Besides symphonic and family concerts, the members of the Radio Symphony Orchestra Berlin also perform regularly in smaller ensembles. In the 2017/2018 season this will be in the former silent film cinema Delphi and the silent green Kulturquartier in Wedding. Chamber music provides valuable additional nuances to the musicians’ everyday work, enabling members of the RSB to stage their own appearances: it enhances the programme for both musicians and audiences in many respects.

› All seven of this season’s chamber music concerts can be found at a glance in our Concert Calendar.


In the 2017/2018 season, the RSB will play as guests for the first time in the former silent film cinema, Delphi, where three concerts in its chamber music series are to take place. The Delphi opened in 1929 as the final silent film cinema in the Berlin district of Weißensee, which enjoyed a reputation as “Little Hollywood” due to flourishing film production there at that time. The Delphi survived the world economic crisis and the Second World War, but after 1959 it entered a deep slumber and functioned in the meantime as a stamp shop and vegetable depot. Restoration work initiated in 2006 and redesign as a new location for art and culture as from 2013 have helped the Delphi to flourish anew, whereby the special charm of its construction era has been kept. Today, a wide range of art and cultural events take place in the listed building. There is a bar at the back of the large auditorium, where drinks are served.

Presented by: tip Berlin


In the 2016/2017 season, the silent green cultural quarter in Wedding already proved itself an outstanding venue for chamber music. The RSB will be guests in the building complex situated close to the S- and U-Bahn station Wedding once again for four concerts in the 2017/2018 season. Originally built as Berlin's first crematorium in the years 1908 to 1911, the silent green has been extensively converted and restored for its current re-utilization. The heart of the listed complex is the 17-metre-high former hall of mourning with its octagonal ground plan and pyramid-shaped mansard roof. After conversion, it now offers an impressive backdrop to concerts and other cultural events. The concert audience are able to obtain food and drinks in the adjacent café.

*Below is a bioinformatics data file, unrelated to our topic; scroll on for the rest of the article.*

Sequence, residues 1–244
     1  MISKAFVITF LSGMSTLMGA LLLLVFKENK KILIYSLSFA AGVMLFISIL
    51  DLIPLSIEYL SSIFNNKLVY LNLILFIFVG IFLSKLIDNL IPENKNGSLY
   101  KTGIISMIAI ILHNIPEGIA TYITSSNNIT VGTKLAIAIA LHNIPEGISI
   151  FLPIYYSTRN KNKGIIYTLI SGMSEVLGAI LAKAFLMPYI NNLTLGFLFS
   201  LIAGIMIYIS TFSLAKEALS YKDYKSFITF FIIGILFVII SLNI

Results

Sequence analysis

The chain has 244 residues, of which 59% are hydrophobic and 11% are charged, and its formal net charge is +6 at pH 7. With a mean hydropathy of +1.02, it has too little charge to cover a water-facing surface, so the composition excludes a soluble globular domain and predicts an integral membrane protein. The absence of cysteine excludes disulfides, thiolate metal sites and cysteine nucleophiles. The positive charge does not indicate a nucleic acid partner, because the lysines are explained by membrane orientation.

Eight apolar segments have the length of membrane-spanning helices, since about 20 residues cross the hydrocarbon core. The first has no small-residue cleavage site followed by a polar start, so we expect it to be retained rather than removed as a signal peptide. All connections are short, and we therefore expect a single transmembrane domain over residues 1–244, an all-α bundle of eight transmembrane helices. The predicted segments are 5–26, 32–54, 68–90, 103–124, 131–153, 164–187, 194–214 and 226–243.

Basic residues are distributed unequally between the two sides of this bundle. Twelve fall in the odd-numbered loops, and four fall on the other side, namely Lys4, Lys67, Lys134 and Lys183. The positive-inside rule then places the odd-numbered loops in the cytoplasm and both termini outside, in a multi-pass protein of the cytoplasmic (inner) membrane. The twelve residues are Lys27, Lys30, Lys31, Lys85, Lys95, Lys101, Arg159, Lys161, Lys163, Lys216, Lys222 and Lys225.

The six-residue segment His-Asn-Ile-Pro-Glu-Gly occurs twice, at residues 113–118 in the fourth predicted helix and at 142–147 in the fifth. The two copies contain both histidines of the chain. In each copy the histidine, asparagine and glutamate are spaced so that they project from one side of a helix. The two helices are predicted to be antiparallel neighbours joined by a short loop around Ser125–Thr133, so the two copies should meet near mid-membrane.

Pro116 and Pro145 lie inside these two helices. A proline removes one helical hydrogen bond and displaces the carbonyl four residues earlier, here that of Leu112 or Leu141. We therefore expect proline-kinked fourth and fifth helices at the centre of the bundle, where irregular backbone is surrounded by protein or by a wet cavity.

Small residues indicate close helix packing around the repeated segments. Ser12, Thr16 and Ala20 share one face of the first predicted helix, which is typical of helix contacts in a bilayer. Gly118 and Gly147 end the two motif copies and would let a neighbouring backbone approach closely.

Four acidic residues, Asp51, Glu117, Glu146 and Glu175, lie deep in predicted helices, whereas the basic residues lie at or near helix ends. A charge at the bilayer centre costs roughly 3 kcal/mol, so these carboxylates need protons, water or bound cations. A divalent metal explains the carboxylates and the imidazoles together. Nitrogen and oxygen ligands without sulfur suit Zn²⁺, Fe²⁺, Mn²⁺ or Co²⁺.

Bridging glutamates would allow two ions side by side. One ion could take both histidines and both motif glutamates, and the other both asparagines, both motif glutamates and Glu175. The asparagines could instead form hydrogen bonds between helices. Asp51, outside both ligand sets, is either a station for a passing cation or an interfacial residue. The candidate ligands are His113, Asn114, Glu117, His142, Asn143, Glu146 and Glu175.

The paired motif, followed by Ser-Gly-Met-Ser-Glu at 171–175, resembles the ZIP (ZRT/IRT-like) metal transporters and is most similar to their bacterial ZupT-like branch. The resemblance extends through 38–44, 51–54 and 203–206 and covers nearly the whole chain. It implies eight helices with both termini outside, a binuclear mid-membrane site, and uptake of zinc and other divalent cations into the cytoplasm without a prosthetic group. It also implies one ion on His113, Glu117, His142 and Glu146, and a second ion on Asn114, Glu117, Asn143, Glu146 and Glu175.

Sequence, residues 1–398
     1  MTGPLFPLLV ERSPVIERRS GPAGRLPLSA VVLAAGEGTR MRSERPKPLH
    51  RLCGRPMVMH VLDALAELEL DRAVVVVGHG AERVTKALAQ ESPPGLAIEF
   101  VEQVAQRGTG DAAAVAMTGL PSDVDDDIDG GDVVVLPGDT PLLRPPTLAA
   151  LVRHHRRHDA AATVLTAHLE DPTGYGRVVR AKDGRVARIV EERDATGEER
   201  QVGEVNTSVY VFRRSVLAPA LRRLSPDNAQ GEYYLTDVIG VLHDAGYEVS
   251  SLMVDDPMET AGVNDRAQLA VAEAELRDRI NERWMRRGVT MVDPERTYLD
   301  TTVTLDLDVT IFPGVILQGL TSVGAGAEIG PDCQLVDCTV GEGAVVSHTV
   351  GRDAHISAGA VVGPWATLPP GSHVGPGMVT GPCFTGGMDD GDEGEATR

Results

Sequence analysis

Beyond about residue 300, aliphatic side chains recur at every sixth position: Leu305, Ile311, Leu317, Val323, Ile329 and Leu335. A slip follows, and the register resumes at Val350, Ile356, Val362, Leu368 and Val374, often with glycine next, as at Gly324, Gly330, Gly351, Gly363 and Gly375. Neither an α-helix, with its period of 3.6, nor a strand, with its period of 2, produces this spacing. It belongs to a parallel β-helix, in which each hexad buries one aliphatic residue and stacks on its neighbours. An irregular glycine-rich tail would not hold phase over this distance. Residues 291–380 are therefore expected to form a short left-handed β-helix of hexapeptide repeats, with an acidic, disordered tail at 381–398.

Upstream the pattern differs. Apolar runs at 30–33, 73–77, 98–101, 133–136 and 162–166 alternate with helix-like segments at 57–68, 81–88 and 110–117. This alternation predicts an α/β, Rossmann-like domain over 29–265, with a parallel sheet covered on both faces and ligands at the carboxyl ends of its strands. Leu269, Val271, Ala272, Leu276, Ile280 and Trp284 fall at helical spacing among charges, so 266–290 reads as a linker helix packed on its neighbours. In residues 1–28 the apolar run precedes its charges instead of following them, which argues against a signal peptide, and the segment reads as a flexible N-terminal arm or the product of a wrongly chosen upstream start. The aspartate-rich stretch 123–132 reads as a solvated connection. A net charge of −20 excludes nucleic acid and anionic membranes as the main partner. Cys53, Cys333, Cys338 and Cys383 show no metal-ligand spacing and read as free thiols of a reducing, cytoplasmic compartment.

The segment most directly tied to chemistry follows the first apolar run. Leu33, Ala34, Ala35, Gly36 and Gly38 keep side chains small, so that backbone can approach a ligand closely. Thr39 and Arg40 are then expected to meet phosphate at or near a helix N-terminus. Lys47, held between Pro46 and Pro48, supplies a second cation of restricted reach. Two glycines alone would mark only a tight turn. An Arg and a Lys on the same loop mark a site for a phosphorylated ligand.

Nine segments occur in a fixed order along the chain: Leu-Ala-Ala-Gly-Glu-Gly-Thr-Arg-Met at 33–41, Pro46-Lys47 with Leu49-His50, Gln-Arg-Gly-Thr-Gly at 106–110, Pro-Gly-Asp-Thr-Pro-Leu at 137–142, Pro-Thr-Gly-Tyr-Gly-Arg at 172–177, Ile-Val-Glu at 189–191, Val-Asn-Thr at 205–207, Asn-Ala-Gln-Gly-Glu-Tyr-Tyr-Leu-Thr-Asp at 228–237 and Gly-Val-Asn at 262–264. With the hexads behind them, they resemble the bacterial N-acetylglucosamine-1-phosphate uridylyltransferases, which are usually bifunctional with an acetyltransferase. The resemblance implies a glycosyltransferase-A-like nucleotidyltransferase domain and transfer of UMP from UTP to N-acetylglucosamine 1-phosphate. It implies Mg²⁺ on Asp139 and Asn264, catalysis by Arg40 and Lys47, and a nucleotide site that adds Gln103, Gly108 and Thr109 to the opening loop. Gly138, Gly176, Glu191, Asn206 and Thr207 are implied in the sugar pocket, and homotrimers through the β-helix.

Presented by: Zitty

tickets 20 €
› Book three chamber concerts in a package for just 45 €!


› Christoph Korn has played bass clarinet in the RSB since 2002 and is enthusiastic about the artistic freedom offered to him by chamber music.

What motivates you to play chamber music alongside your orchestral duties?

The motivation is immense. In the orchestra, sometimes there are 100 people on stage; there, you are a small part of a great whole. In chamber music you can liberate your own musical personality far more, and basically, you can present yourself as a soloist. Orchestral playing and chamber music are two aspects that really need to coexist in our lives as musicians. The chamber music concerts and in particular the preparation for them involve a lot of work, but in the end you are rewarded with a great deal of pleasure. In chamber music we can give free rein to our creativity, we are our own dramatists, and can put together the programs ourselves. It is also very important for me to play quite often without a conductor and therefore with a certain artistic freedom. On orchestral duty, we also need to put in a lot of effort if we wish to make contact with colleagues from different sections. During chamber music projects we can get to know the others much better, both personally and musically.